Facilities, labour, land, a work-life balance and income required are key factors when selecting the most suitable beef farming system.
That is one of the key messages Paul Crosson, enterprise leader at Teagasc Grange, conveyed at the state agency’s Beef 2022 event.
He told attendees that you should construct a “clear” three-to-five year plan to improve beef farm’s economic and environmental sustainability.
He added that selecting the most suitable beef system for your farm, including the most appropriate stocking rate, is “the foundation” on which you should build this farm plan.
Once you have made this decision, the remaining steps of the plan, such as grassland management, animal breeding and animal health, are next.
He stressed that every farm would be characterised differently when it comes to each of the factors highlighted above, and this will determine the choice of system and target stocking rate.
Beef farming systems
Elaborating on each point, he told crowds that “labour is the most constraining factor on beef farms”.
“Beef farmers tend to be labour poor in the sense that most are part-time, and indeed, demographics lend itself to less labour being available on beef farms.”
“Secondly, in terms of a beef farm, there may be preferences in terms of the type of labour you like to carry out. Some are interested are breeding and calving cows, while others are more interested in rearing and finishing cattle.”
“That will influence the type of farm and beef system you want to operate,” he added.
Crossan then went on to discuss facilities and their influence on the type of system that you can operate.
You should review housing accommodation, having sufficient slurry/ farm yard manure storage and adequate animal handling facilities.
He said that having these in place allows farmers to increase their stocking rates without the need for investing further money in the farm.
He highlighted that some systems – such as summer grazing, finishing heifers and steers off grass before the second winter and finishing autumn-born calves at 24-months – require less housing than others.
Crossan then pointed to land, which “ultimately becoming a constraining factor on any farm at a certain level of stocking rate”.
The amount and quality of land will include turn-out days, stocking densities and grazing period durations.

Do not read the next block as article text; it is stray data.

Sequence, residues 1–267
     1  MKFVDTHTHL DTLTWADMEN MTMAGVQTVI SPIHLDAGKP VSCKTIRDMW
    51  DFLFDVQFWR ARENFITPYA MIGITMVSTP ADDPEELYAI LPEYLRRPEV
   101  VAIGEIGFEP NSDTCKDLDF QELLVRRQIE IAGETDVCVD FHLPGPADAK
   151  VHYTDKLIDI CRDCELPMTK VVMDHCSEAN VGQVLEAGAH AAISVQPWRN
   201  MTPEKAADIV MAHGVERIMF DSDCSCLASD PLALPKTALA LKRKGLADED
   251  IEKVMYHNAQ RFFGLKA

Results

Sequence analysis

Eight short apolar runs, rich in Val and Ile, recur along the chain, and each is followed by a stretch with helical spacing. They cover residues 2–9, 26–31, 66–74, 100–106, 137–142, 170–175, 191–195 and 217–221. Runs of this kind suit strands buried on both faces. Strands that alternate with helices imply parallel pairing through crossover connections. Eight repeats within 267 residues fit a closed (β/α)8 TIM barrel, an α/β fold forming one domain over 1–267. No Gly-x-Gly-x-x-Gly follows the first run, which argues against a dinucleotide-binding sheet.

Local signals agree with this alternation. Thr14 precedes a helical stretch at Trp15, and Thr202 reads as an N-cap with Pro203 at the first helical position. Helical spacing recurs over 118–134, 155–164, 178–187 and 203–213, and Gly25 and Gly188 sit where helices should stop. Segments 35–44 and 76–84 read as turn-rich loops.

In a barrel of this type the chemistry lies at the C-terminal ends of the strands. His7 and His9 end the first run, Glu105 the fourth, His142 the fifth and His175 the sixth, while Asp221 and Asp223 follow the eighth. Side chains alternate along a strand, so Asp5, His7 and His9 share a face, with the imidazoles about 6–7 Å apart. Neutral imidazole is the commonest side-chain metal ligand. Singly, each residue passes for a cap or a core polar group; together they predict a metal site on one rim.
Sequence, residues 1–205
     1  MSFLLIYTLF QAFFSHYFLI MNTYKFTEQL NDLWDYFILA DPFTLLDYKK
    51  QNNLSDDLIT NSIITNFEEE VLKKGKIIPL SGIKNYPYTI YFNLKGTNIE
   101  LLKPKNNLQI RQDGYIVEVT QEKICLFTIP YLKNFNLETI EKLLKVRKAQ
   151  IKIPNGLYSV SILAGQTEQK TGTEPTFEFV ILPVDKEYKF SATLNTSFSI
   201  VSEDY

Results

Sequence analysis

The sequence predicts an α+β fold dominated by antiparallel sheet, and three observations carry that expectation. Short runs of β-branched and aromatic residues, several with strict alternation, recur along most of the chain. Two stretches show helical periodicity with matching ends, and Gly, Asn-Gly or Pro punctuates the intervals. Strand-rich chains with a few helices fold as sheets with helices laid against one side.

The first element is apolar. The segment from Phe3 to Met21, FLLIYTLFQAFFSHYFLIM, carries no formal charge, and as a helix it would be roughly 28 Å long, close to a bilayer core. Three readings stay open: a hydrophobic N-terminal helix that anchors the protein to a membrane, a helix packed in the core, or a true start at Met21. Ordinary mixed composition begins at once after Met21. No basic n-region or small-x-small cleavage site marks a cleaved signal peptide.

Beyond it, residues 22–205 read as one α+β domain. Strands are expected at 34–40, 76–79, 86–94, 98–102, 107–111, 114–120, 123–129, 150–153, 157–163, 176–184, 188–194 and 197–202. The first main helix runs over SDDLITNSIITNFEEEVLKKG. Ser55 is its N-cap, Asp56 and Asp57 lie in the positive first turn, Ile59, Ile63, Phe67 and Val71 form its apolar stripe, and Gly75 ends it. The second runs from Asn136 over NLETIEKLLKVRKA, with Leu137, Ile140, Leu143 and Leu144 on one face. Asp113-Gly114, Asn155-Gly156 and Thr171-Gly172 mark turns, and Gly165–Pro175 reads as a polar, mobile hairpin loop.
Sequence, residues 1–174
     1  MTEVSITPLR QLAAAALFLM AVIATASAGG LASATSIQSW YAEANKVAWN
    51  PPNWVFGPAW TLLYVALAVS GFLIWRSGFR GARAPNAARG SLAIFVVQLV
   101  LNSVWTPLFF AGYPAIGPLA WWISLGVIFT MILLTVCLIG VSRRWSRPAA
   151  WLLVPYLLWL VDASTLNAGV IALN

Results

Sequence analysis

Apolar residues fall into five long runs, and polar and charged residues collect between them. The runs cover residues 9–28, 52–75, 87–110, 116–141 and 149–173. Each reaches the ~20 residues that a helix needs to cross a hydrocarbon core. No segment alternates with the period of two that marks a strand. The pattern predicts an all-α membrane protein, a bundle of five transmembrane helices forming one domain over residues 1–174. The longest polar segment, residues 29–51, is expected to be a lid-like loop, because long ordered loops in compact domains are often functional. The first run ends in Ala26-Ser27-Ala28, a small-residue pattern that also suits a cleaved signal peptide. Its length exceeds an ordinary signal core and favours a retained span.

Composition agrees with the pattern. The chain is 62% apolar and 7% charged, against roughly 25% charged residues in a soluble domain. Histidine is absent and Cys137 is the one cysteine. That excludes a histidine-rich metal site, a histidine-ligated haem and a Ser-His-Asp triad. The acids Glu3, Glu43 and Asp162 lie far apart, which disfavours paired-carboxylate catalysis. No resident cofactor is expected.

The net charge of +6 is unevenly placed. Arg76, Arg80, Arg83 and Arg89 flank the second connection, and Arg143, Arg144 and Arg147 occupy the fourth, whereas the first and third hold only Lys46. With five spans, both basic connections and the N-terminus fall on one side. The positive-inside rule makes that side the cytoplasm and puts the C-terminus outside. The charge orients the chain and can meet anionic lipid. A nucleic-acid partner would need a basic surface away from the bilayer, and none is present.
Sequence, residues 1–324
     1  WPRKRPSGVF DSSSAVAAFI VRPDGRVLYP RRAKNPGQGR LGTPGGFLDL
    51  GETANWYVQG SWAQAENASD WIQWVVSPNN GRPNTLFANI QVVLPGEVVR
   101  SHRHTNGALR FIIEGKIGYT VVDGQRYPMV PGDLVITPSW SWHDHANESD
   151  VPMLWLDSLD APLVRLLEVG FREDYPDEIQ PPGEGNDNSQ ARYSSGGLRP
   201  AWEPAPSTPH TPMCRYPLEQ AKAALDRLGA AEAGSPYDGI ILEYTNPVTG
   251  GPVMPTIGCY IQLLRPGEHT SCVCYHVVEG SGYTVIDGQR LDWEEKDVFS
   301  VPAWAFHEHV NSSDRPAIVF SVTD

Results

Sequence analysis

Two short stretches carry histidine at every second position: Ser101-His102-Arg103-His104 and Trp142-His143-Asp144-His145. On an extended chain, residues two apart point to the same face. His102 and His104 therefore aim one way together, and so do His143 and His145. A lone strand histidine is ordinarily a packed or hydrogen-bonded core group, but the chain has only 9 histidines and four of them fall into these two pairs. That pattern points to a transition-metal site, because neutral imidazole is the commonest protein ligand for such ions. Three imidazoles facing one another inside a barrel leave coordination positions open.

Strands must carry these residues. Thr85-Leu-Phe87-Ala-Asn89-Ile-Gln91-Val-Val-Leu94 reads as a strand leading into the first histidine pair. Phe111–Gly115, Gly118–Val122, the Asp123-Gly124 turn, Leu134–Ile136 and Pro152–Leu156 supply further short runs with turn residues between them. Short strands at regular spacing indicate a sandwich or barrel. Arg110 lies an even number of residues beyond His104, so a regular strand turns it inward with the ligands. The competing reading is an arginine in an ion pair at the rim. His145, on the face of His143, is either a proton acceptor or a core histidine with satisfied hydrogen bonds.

“On beef farms, you tend to have a lot of fragmentation, and that will influence the type of system that the farm can carry and its stocking rate,” he explained.
“Soil type, soil fertility, drainage capacity, sward type and level of farm fragmentation are all factors that will influence a farm’s choice of beef system along with the number of stock it can carry per hectare.”
“Some of these can be improved where there is a willingness to do so, but for some of them, they are unlikely to change on many farms without a significant investment in time and money. Therefore, most farms have to work with what they have,” he added.
He said that a work-life balance is becoming “increasingly” important in modern-day society. That is, as he defined, how much time and effort you are allocating to ‘work’ activities (beef farming) compared to family and leisure time.
“Beef farming and farms, in general, are a little bit different than other sectors in that farms tend to be family operations.”
“Therefore, there is a crossover between your work and your life, so getting that work-life balance can be that little bit more difficult.”
“But, it is important to find time for leisure, holidays and your family,” he told crowds at the stand at Grange.
Lastly, he discussed income requirements as part to conclude his presentation and noted that it would dictate the intensity at which you operate (stocking rating) and system type.
He listed beef systems, including suckling, calves and stores and stressed that it is important to:
- Know your important KPIs;
- Identify your weaknesses;
- Measure regularly;
- Review and revise.
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